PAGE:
Wargaming at RECONVERGE:G2
A competitive simulation tests the theory of business.
Thursday morning brought an exciting opportunity for Reconverge attendees to participate in a war game simulation. Dr. Craig Fleisher and Tim Storm of Aurora WDC described the exercise and offered advice to attendees.
Three tracks were: healthcare, food, and money. There is also a market team who serves as the customer.
In wargaming, said Storm, “play to win, be mean and nasty, steal your competitors ideas to make yours better.” His advice is not to hold back ideas.
Why a wargaming exercise?
“The theory of the business has to be tested constantly. It is not graven on tablets of stone. It is a hypothesis.” –Peter Drucker
This will give us a better understanding of the customer—and wargaming is an exercise to provide insights from the customers’ point of view.
The simulations are predictive, and looking for what you’re capable of doing, not just what companies are capable of.
Interaction is important. It allows opportunity to respond and react, and to notice dynamics within the teams; purchasing, partnering, and mergers and acquisitions are examples of interactions that could occur.
Home teams typically do poorly when doing a wargame, Storm noted. This is because judges at home teams know what’s going on and will allow competition to have more freedom.
The objective of the simulation is to learn where these three industries will go in the face of changing technologies.
Strategic planning process of the event is to put together a corporate strategy in about 2 hours.
Green Path Planning
- Strengths and Weaknesses
- Wins and Losses
- Customers’ needs
- Market externals
Participants shape their own organizations and resources. The caution is to eliminate some objectives as well as to develop new ideas—“kill what’s not working.”
The market team represents your customer. In healthcare, they will be patients, physicians, payers, FDA, and others. They also represent any other company they may need to do business with—and will need to approve any M&A or other deals that participants want to occur.
They serve to “validate the deal.”
The power of the process
Simulations bring to the surface ideas that are not apparent when looking from the inside out…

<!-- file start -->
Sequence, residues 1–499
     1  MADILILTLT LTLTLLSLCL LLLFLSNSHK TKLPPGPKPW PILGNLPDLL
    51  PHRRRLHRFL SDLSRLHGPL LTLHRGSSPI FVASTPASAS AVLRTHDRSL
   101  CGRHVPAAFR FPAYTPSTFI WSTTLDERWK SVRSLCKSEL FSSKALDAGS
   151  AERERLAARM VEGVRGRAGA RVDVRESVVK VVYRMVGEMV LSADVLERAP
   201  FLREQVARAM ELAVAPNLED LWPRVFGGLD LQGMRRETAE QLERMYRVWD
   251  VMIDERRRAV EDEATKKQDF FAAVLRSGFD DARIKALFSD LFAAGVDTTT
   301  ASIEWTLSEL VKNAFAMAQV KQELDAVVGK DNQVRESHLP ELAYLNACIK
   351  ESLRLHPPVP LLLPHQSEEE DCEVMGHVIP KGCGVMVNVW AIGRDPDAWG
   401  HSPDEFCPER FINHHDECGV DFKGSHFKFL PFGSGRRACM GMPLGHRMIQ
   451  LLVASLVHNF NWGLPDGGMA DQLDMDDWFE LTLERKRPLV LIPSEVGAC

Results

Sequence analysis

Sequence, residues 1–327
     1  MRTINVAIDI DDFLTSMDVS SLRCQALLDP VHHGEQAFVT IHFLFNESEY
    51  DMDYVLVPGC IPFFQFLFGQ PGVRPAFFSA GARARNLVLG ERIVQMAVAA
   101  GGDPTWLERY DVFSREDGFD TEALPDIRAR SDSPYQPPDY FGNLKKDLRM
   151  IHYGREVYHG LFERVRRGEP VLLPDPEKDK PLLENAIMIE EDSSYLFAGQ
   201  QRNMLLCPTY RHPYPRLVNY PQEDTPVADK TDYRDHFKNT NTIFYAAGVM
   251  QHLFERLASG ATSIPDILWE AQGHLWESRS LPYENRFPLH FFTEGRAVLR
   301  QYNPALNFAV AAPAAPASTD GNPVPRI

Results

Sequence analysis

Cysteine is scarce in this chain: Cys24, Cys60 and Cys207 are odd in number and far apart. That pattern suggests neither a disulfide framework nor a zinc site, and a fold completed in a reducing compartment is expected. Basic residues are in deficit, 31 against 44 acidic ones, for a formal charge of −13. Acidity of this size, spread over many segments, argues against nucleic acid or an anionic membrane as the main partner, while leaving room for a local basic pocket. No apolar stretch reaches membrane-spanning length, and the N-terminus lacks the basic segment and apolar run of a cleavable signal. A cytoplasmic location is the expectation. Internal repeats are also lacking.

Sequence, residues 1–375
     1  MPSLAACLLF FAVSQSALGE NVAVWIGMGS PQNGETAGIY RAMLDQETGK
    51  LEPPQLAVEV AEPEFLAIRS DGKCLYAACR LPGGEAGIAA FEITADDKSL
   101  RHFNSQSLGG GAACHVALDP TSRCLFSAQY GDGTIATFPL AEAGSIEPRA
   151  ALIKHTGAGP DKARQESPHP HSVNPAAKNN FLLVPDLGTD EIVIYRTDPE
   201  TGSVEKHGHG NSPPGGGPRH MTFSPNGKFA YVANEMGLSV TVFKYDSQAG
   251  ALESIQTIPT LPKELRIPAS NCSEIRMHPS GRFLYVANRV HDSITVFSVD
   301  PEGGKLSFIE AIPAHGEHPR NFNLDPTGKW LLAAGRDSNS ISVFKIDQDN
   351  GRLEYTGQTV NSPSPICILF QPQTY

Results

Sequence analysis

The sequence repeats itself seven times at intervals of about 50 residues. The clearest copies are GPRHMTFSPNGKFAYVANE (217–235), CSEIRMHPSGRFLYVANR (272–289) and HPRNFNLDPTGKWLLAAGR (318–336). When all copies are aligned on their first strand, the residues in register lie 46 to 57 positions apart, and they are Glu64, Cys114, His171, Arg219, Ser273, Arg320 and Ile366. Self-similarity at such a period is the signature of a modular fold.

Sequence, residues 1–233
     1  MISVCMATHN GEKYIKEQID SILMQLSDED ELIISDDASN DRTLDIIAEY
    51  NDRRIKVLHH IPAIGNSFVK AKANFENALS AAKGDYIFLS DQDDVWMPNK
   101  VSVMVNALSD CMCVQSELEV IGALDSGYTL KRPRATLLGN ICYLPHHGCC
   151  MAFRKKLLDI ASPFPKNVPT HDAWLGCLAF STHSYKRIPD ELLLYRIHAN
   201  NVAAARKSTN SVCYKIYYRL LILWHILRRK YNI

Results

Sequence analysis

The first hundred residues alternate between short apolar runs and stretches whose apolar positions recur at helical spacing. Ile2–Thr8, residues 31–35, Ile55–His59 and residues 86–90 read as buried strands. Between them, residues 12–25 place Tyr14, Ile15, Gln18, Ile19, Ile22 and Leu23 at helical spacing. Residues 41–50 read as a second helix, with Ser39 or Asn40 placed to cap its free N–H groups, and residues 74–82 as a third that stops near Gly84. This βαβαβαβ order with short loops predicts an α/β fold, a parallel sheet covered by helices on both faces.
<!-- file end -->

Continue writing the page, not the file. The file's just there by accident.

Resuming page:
The competitive nature of the process drives to deliverables; attendees are urged to be competitive and encouraged to “fight to win.”
“Go ahead and take that chance,” said Tim. But keep it semi-realistic.
Each team will have one person assigned as an intelligence analyst who has been working on a digital disruption portal. They are a great source of information. They also have access to analysis they’ve already produced and can share that with their group: 900 articles, and since teams only have 2.5 hours to complete the process, the CI person is critical.
All work from all groups will be collected and available in The After Action Report to be distributed after the event.
Round 1 presentations
Round 2 presentations
Probability/Impact grid exercise
(16:15) Lessons learned, announce winner
Round 1: As a team, you will go through the set of structured exercises designed to help you pull together a strategy so that teams can present it to the market–as well as your competition–at the end of round 2.
“Lay the cards on the table…we will all benefit,” said Storm.
Teams will select a spokesperson—this person will have eight minutes per slide. Choose a recorder to enter the team’s decisions and responses, and a timekeeper to make sure you stay on track.
A facilitator is available to assist.
Tasks, Round 1
Stakeholder analysis—think of their needs/wants prior to strategizing
Force field analysis—market externals leading to success in the market
Meeting with the market team (customers): Ignore the market at your own peril!
Discussion on strategies and tactics
An online group serves as a resource for the team; they will distribute press releases announcing “rogue waves.” Teams need to be agile in responding to disruptions.